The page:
Universal Credit

18th October 2017

David Gauke responds to an Opposition Day debate on universal credit roll-out.

Today we have seen yet another excellent set of labour market statistics: unemployment is 1 million lower than in 2010 and youth unemployment has gone down by 415,000 over the same period. Underneath those raw statistics lie the work and effort of millions of families across the country who are keen to get on and make the best of their lives: people who are in work but want to earn more, people who are out of work but really want to get a job. Young and old all deserve the opportunity to maximise their potential. That is what universal credit is all about.

Will the Secretary of State give way?

Let me make a little progress.

When it comes to universal credit, there is much talk about supporting the principles behind the reform, and I welcome that. Before turning to the issues raised by the hon. Member for Oldham East and Saddleworth (Debbie Abrahams)—and I will be taking plenty of interventions—I think it would be helpful to the House to articulate what those principles are.

The fundamental purpose of universal credit is to assist people into work. It is through work that people can support themselves, obtain greater economic security and progress in life. Universal credit does that by making work pay.

Let me finish on the principles, and then I will take plenty of interventions.

We inherited a welfare system that puts in place barriers to people fulfilling their potential. If those on jobseeker’s allowance do more than 16 hours of work, they must go through the disruption of stopping their benefit claim only to start another. Many on employment and support allowance can be faced with a choice between financial support or work while we know that many thousands would like, and would benefit from, both. Once a person is in work, they are all too often caught by the hours rules in tax credits. Universal credit cuts through that by taking six different benefits and replacing them with a single system: a system where claimants receive tailored support to get them into work; a system where claimants have to deal with only one organisation, not three; and a system that ensures it always pays to work and always pays to progress.

It is not the principle, but the practicality that is at issue. [Hon. Members: “Ah!”] The principle of getting people back into work is something that we on the Labour Benches accept. The citizens advice bureau, the Trussell Trust and even John Major are saying that universal credit should be delayed, because it is increasing poverty and leading to debt and rent arrears. Are they wrong?

My argument is that we should not be pausing this. May I just say that I welcome the clear expression of support for the principle of universal credit? That is helpful. The case I will make today is that the principles lead us to a design that is focused on making work pay. It is diminishing the differences between being out of work and being in work, and can make a significant difference.

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I give way to my right hon. Friend—[Interruption.]

The hon. Member for St Albans (Mrs Main) has just been promoted. The Secretary of State needs to gesticulate whom he means with greater clarity.

I thank the Secretary of State for that promotion. I look forward to receiving it in the post.

Is the Secretary of State any more aware than I am of the topic of this debate? Yesterday, the Opposition wanted to fix universal credit. Today, the word “fix” has been dropped. It seems that the Opposition want to pause but not fix. Has he any greater awareness of this matter?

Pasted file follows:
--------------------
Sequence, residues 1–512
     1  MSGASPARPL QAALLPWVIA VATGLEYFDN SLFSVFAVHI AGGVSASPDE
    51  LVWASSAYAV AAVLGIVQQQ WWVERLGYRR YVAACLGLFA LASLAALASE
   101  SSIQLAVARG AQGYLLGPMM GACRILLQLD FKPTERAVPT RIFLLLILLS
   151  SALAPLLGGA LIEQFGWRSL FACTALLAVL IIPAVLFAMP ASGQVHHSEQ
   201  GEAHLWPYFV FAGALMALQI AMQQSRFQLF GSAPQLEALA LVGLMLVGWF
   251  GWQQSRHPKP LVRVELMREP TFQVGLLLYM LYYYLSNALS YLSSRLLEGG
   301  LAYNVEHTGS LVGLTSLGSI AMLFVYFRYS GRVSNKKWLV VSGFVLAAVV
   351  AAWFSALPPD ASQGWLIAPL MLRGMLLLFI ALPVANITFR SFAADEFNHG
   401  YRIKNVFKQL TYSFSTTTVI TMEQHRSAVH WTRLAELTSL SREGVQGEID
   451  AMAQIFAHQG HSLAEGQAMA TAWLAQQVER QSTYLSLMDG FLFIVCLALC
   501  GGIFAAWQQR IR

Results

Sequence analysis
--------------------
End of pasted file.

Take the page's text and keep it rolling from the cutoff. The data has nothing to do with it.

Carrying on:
That astuteness demonstrates why my hon. Friend should become my right hon. Friend sooner rather than later.

It is a very revealing point. There is no real attempt to fix this. This is about pausing it and wrecking it.

Has the Secretary of State seen the survey of 105 local councils, which showed that of claimants who claim universal credit, over half of the council tenants are in rent arrears compared with only 10% of those on the old housing benefit. Does that not show that this system needs to be paused and fixed?

Part of the issue is that that is not comparing like with like. The right hon. Gentleman will understand that the selection of people who will be on universal credit will be of a different group than the housing benefit population as a whole. [Hon. Members: “Why?”] The reason is that in many cases, going on universal credit involves a change of circumstances, and that change of circumstances may in fact be a reason why people are in arrears. [Interruption.] May I just make this point? I know that the right hon. Gentleman has concerns about how we address the issue of the early period, so I will say a little bit more about it. We are seeing improvements in payment timeliness, and people are getting more support early so the reasons for increased rent arrears will not necessarily apply.

I want to make this point about what universal credit does. The work done within universal credit to give people the support to prepare for work can be too easily missed from debate.

I will just make a little bit of progress.

Universal credit gives a person a work coach, who provides personalised support, helping them to stay close to the labour market and overcome barriers to work. A universal support package provides people with assistance to build confidence and competence with IT, manage their universal credit account online and access online job search facilities and training. Universal credit makes being out of work more like being in work, because people are paid monthly, as 75% of employees are, and because it is paid directly to tenants instead of to their landlord. It also stays with recipients during the transition from being out of work to being in work.